A person must be of sound mind when they make a Will. To satisfy the test of testamentary capacity, the following elements must be present at the time the Will was signed:
- The person must understand what a will is. This means that they must know the exact nature and effect of the document they are making
- The person must appreciate what their property is. For example, what they generally own and are able to leave to beneficiaries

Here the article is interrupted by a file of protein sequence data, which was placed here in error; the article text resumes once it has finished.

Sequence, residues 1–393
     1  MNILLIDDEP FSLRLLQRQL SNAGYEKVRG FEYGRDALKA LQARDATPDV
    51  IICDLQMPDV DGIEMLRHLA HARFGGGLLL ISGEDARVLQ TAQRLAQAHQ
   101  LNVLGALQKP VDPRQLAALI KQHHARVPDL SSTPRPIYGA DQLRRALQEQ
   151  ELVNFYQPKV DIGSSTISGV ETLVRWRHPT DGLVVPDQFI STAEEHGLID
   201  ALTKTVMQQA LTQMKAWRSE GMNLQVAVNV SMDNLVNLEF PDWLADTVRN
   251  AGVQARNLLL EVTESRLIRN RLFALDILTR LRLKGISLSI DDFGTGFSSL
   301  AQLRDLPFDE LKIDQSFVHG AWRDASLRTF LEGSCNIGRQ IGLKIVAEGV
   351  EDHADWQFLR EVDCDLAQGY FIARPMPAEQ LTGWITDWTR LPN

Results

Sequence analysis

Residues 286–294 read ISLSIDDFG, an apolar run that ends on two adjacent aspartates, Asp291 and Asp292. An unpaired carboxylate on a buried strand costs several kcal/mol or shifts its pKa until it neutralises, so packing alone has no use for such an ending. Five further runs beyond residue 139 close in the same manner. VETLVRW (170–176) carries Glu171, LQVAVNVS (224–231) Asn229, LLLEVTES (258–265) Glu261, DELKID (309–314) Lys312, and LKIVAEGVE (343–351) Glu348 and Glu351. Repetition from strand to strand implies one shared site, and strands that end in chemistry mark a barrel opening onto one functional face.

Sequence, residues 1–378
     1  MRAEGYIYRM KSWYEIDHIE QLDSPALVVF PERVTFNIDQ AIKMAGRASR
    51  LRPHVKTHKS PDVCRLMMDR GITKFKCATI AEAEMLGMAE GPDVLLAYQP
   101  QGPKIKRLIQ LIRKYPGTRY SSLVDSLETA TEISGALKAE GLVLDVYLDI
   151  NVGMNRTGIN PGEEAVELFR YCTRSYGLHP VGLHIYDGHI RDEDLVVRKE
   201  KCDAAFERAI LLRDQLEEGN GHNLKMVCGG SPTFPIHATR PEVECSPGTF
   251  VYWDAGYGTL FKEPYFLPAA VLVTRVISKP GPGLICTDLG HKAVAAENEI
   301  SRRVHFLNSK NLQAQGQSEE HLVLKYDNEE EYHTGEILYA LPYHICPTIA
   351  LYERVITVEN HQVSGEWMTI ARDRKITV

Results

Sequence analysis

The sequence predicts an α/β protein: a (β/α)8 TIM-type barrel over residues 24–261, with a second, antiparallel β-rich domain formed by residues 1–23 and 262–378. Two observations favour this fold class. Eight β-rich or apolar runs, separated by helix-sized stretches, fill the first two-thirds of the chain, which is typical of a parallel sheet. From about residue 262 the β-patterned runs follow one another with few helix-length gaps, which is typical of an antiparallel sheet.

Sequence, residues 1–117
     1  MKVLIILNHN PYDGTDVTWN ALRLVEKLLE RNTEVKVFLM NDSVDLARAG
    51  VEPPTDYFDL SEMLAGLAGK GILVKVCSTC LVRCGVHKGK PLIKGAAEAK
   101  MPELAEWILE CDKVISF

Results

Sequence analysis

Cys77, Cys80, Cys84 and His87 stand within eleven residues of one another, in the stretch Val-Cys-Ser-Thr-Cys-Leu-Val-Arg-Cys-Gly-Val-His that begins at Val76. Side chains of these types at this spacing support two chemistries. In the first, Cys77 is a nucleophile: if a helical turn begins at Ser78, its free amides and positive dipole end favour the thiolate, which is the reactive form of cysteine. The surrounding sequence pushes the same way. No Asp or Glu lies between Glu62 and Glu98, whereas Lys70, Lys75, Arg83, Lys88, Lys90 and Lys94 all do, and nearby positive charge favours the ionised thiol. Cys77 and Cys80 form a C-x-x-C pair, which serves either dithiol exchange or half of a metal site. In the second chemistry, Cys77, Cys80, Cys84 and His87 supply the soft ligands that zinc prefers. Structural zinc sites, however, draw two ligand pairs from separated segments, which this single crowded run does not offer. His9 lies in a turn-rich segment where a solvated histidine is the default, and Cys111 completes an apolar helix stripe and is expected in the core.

- The person must understand who has a reasonable claim on their property, for example, family members
- The person must not suffer from a “disease of the mind” which may prevent him/her from making a rational decision. Some examples of diseases of the mind include dementia, drug induced psychosis or mental illness. This can become complicated where the person has lucid periods, for example in the case of someone who suffers from dementia, where a valid Will may be made before relapsing into a confused state.
If these elements are not present, the person may have a lack of testamentary capacity and the Will may be capable of being challenged.